2015-10-22 Energy Week

Please note that this post is being developed.

Thursday, October 15:

  • Navigant Research has concluded that revenue from the global market for solar PV combined with energy storage nanogrids will expand rapidly through 2024. Navigant Research says the market for nanogrids based on PVs and energy storage nanogrids is likely to reach $23.1 billion, up from its current $1.2 billion in 2015. [CleanTechnica]

Total Solar PV plus Energy Storage Nanogrid Capacity and Revenue by Region, World Markets: 2015-2024. Source: Navigant Research

  • Taking forward an announcement made by the Indian Prime Minister on August 15, the Union ministry of power has readied a plan to electrify 18,500 villages in seventeen states over the course of three years. Of these villages, around 3,500 would get their electricity through off-grid or renewable energy solutions. [Business Standard]
  • Net retail sales of ethical and socially responsible investment funds in the UK have more than doubled from £206 million in 2013 to £460 million in 2014. However the UK has some catching up to do. Funds under management in this area have grown from $13.3 trillion at the start of 2012 to $21.4 trillion at the start of 2014. [FT Adviser]

Friday, October 16:

  • The US clean tech industry employed more than 1.47 million people during second quarter of 2015, marking an increase of 16% on the same period last year. The Institute said July 2015 saw the number of new jobs being created in the industry more than double year-on-year. August 2015 saw an increase of 57%. [Business Green]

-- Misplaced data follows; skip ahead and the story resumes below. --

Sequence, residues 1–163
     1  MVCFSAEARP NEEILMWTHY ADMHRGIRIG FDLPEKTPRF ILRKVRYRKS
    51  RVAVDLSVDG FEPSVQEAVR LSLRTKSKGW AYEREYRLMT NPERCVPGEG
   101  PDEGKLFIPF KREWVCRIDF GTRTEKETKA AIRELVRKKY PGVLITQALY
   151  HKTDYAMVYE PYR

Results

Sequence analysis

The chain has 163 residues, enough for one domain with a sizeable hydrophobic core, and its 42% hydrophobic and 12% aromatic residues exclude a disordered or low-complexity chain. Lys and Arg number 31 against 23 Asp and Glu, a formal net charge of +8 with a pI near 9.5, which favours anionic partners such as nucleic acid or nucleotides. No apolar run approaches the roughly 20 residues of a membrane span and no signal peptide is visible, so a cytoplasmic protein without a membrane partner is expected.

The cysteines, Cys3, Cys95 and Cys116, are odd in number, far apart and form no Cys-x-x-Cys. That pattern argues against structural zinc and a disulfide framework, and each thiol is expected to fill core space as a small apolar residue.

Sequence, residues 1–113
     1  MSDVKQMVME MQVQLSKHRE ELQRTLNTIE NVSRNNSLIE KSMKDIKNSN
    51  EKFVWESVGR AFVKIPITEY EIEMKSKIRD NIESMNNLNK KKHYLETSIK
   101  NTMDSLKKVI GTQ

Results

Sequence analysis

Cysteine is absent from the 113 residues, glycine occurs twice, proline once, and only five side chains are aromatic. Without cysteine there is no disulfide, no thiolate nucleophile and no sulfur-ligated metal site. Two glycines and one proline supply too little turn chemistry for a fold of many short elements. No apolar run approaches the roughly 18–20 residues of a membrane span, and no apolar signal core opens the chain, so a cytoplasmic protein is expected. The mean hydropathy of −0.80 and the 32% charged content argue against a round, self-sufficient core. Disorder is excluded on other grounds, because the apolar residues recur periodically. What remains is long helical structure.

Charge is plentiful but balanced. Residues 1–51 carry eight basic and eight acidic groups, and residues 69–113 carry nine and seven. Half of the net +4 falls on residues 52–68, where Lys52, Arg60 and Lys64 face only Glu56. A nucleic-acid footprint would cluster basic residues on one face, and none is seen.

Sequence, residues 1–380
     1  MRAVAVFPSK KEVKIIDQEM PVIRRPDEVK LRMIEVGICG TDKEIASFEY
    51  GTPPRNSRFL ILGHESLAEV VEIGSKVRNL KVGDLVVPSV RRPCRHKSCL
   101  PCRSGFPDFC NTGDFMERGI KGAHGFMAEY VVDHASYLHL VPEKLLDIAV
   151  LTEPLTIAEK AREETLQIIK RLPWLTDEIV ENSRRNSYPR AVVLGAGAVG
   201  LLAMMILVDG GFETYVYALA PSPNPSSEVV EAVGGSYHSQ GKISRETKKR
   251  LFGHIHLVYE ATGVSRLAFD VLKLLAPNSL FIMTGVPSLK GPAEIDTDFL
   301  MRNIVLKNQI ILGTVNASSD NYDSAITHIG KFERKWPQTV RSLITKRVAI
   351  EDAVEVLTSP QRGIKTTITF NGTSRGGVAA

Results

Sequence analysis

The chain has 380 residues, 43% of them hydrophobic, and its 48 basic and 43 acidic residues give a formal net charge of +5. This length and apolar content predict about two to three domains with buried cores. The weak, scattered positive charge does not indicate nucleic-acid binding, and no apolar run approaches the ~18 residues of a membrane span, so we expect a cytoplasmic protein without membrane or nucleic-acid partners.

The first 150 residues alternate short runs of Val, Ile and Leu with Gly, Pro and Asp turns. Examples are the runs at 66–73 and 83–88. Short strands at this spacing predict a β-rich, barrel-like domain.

• A national network of utility interest groups and fossil-fuel industry-funded think tanks is providing funding, model legislation, and political cover for anti-solar campaigns across the country, and would-be solar power owners could pay the price, said a new report by Environment New York Research & Policy Center. [Long Island Exchange]
  • Oklahoma is on track for more than 900 quakes this year, many presumed to be linked to oil and gas production. Cushing, the key pipeline and tank crossroads for the oil industry, just experienced a 4.5 quake Saturday. The tremor came right after a government report found nearby geologic faults had awakened and reactivated. [KERA News]

Saturday, October 17:

  • When 149 countries, with 87% of the global population and 86% of climate-altering greenhouse gas emissions, had submitted their carbon-curbing pledges to the UN, Climate Action Tracker, a tool developed to model changes, said the pledges would put world is on course for average global warming of about 2.7° C. [Yahoo News UK]
  • Climate change is taking a heavy toll on Canada’s far north. Buildings collapsing as melting permafrost destroys foundations, rivers running low, and wildfires all drain limited finances. With a population less than 50,000, the Northwest Territories spent more than $140 million in two years on problems linked to global warming. [Reuters]
  • Texas’ primary grid operator, ERCOT, released an updated Analysis of the Impacts of the Clean Power Plan and there are some bright spots. ERCOT’s analysis confirms that compliance with the plan will keep Texans’ 2030 electric bills below 2002 prices, when Texas first opened the electric market to competition. [Environmental Defense Fund]

Sunday, October 18:

  • Oil and gas industry bosses pledged to curb gas flaring as they sought to boost their image ahead of a United Nations summit later this year. The leaders of ten companies that produce 20% of the world’s oil and gas recognised that current greenhouse gas levels were inconsistent with a global warming limit of 2° Celsius. [MENAFN.COM]
  • Even before Entergy announced that the Pilgrim nuclear plant would close, Massachusetts Governor Charlie Baker had two filed bills ready. One would encourage Massachusetts utilities to enter into long-term contracts with renewable energy producers. The other would raise existing caps on the state’s net metering program. [Valley News]